The Health Care System I Want Is in France

Shortly after we moved to Paris, my son, Luke, cut his lip in a fall at school. I rushed him to the emergency room of a suburban Paris hospital, where a nurse asked my name and address and a doctor quickly stitched up his cut. When I tried to pay, the cashier asked me to call the following week because the "computer is slow." A bill eventually arrived in the mail for the equivalent of $60.

The same week I took Luke to have his stitches removed at a clinic where a doctor spent nearly an hour with him first softening a scab on the cut. This time, the clerk was apologetic as she handed me the bill, explaining she was sure my American health insurance would reimburse some of the cost. The total bill: $7.50.

As presidential candidates hammer out proposals to deal with the increasing millions of uninsured Americans, I know which health plan I'll choose: the French one.

The World Health Organization has named the French health care system the best in the world. (The U.S. ranked 37th). It's physician-rich, boasting one doctor for approximately every 430 people, compared with a doctor for every1,230 residents in the U.S. (and French docs tend to charge significantly less). The average life expectancy is two years longer than the U.S. And while the system is one of the most expensive in the world, costing $3,500 per person, it's far less than the $6,100 spend per capita in the U.S.

I've had a unique opportunity to see both systems up close and personal: I had breast cancer in California nine years ago and a recurrence in Paris this year. I received excellent care in both places, though looking back now my California oncologist's office was a bit of a meat market — always packed with patients, from the seemingly not-so-sick to some a step from the grave — a time-consuming disadvantage of living in a much larger country with a lower doctor-to-patient ratio.

My French doctors and nurses have been sensitive, skillful, caring — and not so harried.

But the biggest difference has been money.

My top-level health insurance paid for most of my U.S. care, but it was often a struggle to shake loose the money. I was frequently stuck in the middle of disputes between the company and my hospital and doctors over "agreed to fees."

Continually dunned by the hospital for fees and facing multiple complaining phone calls to my insurance company, I sometimes simply caved in and wrote checks to cover bills that I knew were the insurance company's responsibility — part of a wearing-down strategy I was convinced was deliberate.

Here in France I have a green carte vitale— literally a "life card" or social security card that provides entree to the system. It's funded by worker contributions and other taxes. My husband (and our family) is covered through his work with a French subsidiary of a U.S. company, and so is everyone else; coverage is universal. The French are responsible for co-pays, but some 80% of them have supplemental private insurance to cover the co-pay. People least able to pay and those with chronic or serious illnesses often have the best coverage. Because I'm being treated for cancer, I'm cent pour cent —100%—covered.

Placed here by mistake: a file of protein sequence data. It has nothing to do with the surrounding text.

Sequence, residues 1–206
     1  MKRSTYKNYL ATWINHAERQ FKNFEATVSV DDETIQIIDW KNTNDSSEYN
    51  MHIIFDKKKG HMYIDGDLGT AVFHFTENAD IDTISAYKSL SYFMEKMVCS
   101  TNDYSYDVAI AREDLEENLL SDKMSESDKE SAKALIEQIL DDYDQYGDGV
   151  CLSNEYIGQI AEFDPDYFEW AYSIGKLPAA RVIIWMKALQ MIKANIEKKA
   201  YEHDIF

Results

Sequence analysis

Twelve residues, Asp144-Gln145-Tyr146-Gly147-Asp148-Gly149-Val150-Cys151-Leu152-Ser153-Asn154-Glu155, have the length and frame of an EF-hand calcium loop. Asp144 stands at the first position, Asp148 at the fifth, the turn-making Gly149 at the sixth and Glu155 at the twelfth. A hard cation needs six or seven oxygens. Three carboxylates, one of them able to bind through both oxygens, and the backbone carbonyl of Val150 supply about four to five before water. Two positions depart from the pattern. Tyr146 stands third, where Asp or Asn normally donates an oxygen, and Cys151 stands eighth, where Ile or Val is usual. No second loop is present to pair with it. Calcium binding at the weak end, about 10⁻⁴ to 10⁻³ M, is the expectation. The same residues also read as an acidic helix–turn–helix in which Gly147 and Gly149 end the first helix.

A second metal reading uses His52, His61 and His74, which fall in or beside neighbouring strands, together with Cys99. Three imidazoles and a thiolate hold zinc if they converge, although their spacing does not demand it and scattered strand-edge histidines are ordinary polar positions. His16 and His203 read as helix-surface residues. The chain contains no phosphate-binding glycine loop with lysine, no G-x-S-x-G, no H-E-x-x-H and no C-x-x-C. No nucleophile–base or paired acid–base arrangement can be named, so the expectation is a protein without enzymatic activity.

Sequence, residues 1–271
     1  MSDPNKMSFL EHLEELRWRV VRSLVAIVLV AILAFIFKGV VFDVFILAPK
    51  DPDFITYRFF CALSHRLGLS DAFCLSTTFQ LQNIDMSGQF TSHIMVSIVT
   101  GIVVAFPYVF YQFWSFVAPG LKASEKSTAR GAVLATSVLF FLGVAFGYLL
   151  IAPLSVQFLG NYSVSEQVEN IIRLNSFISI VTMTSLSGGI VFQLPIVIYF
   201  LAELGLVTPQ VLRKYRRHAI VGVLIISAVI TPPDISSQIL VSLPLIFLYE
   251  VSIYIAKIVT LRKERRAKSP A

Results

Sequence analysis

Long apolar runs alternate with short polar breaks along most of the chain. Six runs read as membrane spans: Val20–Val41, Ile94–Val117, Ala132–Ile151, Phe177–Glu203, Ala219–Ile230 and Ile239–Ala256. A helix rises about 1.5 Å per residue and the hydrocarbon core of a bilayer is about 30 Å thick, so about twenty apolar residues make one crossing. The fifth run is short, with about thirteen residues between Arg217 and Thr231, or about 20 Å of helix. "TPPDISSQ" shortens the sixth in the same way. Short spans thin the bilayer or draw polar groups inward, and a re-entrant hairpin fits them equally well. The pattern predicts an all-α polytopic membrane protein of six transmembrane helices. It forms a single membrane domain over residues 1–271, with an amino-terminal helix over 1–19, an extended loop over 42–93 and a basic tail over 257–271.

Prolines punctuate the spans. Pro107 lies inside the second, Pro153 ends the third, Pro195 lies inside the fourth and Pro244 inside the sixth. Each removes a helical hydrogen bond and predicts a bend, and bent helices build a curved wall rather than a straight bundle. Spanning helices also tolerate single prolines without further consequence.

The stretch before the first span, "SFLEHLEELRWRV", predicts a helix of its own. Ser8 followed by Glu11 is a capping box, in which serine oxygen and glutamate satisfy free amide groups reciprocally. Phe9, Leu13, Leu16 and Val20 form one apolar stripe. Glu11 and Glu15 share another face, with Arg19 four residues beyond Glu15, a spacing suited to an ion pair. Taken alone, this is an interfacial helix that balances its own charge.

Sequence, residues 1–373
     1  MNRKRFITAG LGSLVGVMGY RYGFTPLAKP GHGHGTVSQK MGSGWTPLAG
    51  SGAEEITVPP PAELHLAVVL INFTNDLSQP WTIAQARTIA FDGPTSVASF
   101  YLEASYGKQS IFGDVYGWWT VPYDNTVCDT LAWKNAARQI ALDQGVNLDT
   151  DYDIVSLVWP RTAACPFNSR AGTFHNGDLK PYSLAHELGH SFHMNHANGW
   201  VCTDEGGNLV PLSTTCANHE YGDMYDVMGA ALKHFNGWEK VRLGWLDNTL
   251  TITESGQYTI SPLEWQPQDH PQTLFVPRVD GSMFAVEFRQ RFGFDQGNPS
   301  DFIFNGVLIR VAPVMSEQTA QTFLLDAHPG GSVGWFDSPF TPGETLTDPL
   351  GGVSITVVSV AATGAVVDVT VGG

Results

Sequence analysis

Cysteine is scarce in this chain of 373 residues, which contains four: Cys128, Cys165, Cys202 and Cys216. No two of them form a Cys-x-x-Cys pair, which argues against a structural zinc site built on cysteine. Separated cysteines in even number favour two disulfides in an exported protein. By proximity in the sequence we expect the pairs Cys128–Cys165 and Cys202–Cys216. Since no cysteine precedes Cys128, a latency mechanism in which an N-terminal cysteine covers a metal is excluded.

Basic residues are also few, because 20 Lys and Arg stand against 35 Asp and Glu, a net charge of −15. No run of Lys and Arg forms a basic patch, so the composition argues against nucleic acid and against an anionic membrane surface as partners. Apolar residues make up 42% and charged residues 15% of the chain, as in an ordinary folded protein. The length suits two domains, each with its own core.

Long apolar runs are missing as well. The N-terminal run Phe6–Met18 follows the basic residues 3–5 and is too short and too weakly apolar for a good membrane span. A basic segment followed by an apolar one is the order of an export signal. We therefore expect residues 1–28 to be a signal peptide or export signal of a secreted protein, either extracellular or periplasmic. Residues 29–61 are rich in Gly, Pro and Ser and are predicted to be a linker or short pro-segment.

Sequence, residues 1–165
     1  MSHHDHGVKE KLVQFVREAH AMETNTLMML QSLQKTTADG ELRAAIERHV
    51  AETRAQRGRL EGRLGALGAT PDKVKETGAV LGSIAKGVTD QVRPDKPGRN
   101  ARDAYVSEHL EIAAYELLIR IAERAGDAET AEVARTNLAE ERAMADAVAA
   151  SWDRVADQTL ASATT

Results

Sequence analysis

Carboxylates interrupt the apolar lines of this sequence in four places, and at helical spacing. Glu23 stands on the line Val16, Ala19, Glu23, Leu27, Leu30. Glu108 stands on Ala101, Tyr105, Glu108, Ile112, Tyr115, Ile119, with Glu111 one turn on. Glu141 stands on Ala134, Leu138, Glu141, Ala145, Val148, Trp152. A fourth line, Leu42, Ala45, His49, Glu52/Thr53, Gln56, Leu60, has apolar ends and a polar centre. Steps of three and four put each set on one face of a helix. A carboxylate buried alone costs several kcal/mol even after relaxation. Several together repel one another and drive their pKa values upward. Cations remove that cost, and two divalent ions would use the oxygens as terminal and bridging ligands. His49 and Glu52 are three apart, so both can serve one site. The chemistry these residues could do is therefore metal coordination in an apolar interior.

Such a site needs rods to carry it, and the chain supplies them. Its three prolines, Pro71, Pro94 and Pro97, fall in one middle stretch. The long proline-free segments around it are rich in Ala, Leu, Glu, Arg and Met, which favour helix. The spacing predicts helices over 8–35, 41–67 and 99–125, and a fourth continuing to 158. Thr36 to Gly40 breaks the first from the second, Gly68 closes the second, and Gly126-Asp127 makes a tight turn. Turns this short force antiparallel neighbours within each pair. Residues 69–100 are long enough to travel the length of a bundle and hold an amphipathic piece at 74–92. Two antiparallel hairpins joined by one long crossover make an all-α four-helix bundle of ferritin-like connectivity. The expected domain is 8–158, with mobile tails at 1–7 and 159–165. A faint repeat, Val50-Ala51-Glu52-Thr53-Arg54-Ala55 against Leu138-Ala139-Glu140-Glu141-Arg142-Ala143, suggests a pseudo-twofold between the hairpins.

The effect of a system where hospitals and doctors don't worry about getting stiffed by a patient or an insurance company seems to be a far more relaxed, generous system. When my surgeon discussed breast surgery here, he suggested that I stay in the hospital five days. "Of course I can do it the American way, kind of an outpatient situation," he told me, apparently not wanting to sound unsophisticated. "But I don't like pain."

Maternity stays for a normal delivery are a minimum of five days, not the 48 hours mandated by U.S. federal legislation in 1998 after many insurance companies insisted stays be even shorter.

I've always had health insurance in the U.S. And yet the few times I'd had to walk into an American emergency room I've always felt a thief who seems to be expected to sign over all worldly goods before any medical care can begin, regardless of the state of agony someone might be in. French doctors address problems immediately and aren't constrained by approvals from some medical decision maker in a distant insurance office.

Years ago, my husband had to wait several hours in Manhattan emergency room as administrators tracked down someone in our out-of-state insurance company who would approve (and therefore agree to cover the bill for) antibiotic treatment for a horrifying infection in his face that doctors were concerned could have been flesh-eating strep.

There's no question you'll be treated in France. Everyone is. The nation pays the bills and the hospitals don't get stiffed. It's an all-encompassing cradle-to-grave system. My fear now is that I won't be able to even get insurance when and if I return to the states, much less be able to afford it.

"The French health care system has a lot of lessons for the U.S.," said Northern Arizona University Professor Paul V. Dutton, who has studied both extensively for his book "Differential Diagnoses: A Comparative History of Health Care Problems and Solutions in the U.S. and France."

"There seems to be a feeling that Britain's socialized health system is the only one we can look at because it's English, it's the mother country. But in fact, the French share many of the same values that American consumers seek, like choice of physician and freedom from insurance company authorization of medical decisions. The French system is already far more similar to the American ideal," Dutton said.

Except it works.

Mary Cline is a freelance writer and editor in Paris. She's using her married name for a change because of fears that she won't be able to obtain U.S. health insurance when she returns to the states if insurers track down this article.

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